Winnipeg police Taser man outside Tim Hortons
The woman who filmed a video showing Winnipeg Police Service officers using a Taser to subdue a man outside a Tim Hortons after they got a call that he might have a gun says she wasn't scared — but she's surprised, and glad, police didn't use their firearms.
Police were called to the area of William Avenue and Isabel Street around 6:30 p.m. They say the man appeared to have the barrel of a shotgun under his jacket.
In the video, filmed by witness Monica Madonick and posted to Facebook, the man can be heard arguing with the officers, who stand with their weapons drawn and aimed at the man.
The officers repeatedly tell the man to show his hands and raise them in the air, warning the man that he "might get shot" if he doesn't comply.
Eventually, one of the officers deploys the Taser as more officers arrive.
After searching the man, police found that what they thought might be a firearm was actually a metal pipe strapped to a long piece of wood.
In the first instance, the man allegedly entered the business in the 100 block of Isabel where he "caused a commotion," police said. He then pulled out the object, which the employee thought was a gun, and pointed it at the employee.
The man then allegedly went to a second business in the same block and threatened to "fire" at the employee, who ran to the back of the business.
The suspect, 42, is charged with causing a disturbance, possessing a weapon, carrying a concealed weapon and failing to comply with probation.
'I wasn't scared at all': witness
Madonick, who filmed the incident on her cellphone, said she had been skating with her nine-year-old son and 10-year-old daughter in the area before deciding to get hot chocolate at Tim Hortons to warm up.
They were there for 20 minutes before they left, and Madonick saw the man — but not the object he had — as she walked out. Then her kids realized they'd forgotten their hockey sticks inside and ran back to get them.
That's when the incident began unfolding in earnest, she said.
I'm surprised that they didn't shoot him, because they seen the weapon, he didn't want to raise his hands in the air and he wasn't complying with the …. Winnipeg police.- Witness Monica Madonick
"I stood there and waited for them, and they came out and as they were coming out the cops were already there and yelling for the man to put his hands in the air," she said.
"My kids froze, because they were right at the door, next to the guy who they were getting to put his hands in the air."
At that point, Madonick said she spotted what looked like the barrel of a gun poking out the bottom of the man's jacket and yelled for her kids to run toward her.
"It was a barrel. That's all I seen was a barrel and it was light blue. I thought, 'I've never seen a light-blue gun before.' But I did see the barrel of it," she said. "At first I thought it was a gun, but then I was saying, 'maybe it's a kid's toy gun.'"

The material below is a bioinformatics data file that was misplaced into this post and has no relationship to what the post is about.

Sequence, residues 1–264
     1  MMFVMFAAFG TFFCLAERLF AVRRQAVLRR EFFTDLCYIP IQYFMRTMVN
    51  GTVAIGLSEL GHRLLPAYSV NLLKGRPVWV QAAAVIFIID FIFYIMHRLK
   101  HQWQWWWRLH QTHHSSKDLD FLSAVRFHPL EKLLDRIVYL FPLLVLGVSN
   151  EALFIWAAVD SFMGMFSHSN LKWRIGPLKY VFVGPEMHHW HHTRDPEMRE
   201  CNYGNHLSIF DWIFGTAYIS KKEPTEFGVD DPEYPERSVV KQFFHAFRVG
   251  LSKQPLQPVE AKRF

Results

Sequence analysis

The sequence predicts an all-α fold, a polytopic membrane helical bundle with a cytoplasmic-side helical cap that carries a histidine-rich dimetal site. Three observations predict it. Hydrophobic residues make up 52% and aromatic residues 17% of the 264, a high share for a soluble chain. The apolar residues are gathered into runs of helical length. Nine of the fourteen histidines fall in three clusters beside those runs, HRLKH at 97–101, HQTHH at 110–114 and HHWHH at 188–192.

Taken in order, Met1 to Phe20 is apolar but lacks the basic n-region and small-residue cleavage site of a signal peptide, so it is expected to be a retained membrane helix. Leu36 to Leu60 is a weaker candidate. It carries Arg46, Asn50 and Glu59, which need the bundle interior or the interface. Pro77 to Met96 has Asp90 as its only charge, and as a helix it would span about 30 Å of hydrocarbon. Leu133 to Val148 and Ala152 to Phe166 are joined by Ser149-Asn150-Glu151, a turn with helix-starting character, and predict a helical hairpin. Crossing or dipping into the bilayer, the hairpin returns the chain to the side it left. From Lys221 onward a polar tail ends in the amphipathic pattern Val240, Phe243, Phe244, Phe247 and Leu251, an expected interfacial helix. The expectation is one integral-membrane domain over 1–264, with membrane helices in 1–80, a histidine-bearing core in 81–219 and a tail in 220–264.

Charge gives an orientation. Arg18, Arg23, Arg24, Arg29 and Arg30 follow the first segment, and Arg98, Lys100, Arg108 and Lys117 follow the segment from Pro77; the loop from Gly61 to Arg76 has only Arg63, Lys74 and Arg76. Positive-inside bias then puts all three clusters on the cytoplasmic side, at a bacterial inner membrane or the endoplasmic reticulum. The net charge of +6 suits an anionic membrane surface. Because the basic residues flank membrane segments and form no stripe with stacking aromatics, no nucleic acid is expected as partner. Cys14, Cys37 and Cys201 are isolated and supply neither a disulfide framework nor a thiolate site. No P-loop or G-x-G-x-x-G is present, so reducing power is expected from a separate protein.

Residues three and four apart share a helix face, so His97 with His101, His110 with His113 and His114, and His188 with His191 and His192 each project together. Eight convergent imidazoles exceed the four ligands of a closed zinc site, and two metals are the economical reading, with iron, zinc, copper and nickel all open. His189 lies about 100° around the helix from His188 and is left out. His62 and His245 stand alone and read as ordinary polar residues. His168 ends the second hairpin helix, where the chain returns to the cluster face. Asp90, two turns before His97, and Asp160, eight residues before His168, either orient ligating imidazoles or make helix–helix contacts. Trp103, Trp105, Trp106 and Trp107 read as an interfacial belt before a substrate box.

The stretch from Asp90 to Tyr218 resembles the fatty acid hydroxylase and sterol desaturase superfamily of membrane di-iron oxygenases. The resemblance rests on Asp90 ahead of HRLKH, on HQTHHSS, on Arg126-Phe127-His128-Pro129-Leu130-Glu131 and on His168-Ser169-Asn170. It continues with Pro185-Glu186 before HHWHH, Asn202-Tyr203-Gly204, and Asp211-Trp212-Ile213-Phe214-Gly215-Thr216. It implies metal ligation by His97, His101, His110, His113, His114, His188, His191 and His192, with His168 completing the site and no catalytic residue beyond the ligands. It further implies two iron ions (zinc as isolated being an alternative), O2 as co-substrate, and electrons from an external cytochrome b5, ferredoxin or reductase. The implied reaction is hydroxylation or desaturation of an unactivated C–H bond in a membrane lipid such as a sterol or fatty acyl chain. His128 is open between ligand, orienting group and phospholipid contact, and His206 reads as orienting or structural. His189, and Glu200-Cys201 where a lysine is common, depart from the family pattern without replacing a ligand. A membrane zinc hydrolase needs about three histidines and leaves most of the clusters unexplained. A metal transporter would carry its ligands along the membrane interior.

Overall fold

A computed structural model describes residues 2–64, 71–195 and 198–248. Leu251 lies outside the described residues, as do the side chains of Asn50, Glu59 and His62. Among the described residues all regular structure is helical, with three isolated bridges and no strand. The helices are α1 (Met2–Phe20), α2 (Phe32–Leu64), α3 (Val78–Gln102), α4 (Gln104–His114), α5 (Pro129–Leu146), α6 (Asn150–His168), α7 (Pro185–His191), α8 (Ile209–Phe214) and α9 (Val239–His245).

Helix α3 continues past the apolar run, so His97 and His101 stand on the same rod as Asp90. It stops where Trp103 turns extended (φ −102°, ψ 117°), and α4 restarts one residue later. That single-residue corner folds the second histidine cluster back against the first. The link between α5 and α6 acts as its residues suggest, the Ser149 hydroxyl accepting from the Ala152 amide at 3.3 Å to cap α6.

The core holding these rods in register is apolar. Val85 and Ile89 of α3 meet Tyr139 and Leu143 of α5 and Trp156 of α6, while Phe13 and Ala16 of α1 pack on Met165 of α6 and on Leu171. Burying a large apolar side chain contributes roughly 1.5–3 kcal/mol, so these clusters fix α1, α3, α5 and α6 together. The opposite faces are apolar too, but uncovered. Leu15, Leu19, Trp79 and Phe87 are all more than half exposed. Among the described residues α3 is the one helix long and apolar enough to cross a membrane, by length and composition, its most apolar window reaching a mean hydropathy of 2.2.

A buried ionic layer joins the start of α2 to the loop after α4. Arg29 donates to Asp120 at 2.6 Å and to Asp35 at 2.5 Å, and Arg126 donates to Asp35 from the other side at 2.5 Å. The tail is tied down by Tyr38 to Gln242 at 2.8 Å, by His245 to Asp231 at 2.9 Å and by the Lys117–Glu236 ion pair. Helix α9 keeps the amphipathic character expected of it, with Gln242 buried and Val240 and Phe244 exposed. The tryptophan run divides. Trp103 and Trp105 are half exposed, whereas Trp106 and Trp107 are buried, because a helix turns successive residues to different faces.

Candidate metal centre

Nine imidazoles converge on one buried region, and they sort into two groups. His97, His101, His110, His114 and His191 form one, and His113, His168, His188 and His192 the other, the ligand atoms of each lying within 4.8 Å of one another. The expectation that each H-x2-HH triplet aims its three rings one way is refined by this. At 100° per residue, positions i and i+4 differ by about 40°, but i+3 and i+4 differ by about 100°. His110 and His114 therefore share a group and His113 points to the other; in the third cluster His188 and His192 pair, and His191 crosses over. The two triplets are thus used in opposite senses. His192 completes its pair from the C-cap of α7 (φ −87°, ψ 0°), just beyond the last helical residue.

Madonick said she hurried her children down the street and behind a fence but then ran back and pulled out her phone to film.
"I'm always drawn to things like that, like when there's something going on I'll go to it. Rather than run from it, I'll run to it, just to see. I don't know. I don't think, I just go," she said. "I wasn't scared at all. I was more excited — like an adrenaline rush kind of thing."
'Glad they only Tased him'
Madonick said the thing that stood out to her was that the man refused to raise his hands as police instructed.
"He actually was trying to stall them. It's amazing. I'm surprised that they didn't shoot him, because they seen the weapon, he didn't want to raise his hands in the air and he wasn't complying with the …. Winnipeg police," she said.
"I'm glad they only Tased him and not shot him."
Patrol Sgt. Julio Berzenji, the use-of-force co-ordinator for the Winnipeg Police Service, said he's still learning some of the details of what happened, but based on what he's seen so far, he's proud of the officers involved.
"When the video starts, we can see the officers are engaging him and, you know, they're in a bad spot. They don't have any cover. They're out in the open," Berzenji said.
"Yet they're using tactical communication to try to de-escalate the situation and gain voluntary compliance."
The officers took calculated risks based on what they knew at the time, Berzenji said.
"You've got to remember, they're dealing with somebody that they believe is armed with a firearm, a shotgun," he said. "Had this individual been hell-bent on using that firearm, had they produced a real firearm in that instance with those officers out in the open without cover, I'm going to suggest that those officers could have been seriously injured or killed."
In 2016, the latest year for which numbers are available, Winnipeg police officers produced their Tasers 202 times, Berzenji said. In more than half of those cases, the weapons were used for "coercion only" — that is, they were brandished but not fired. Officers fired Tasers 69 times that year.
In this case, the Taser was used once officers determined they couldn't gain compliance from the man and needed to de-escalate the situation, he said.
"I think it comes down to the simple fact that police officers don't want to shoot anybody. We don't," he said.
"There certainly are instances where force is necessary. In some instances, deadly force is necessary. But that is … a last resort for our officers."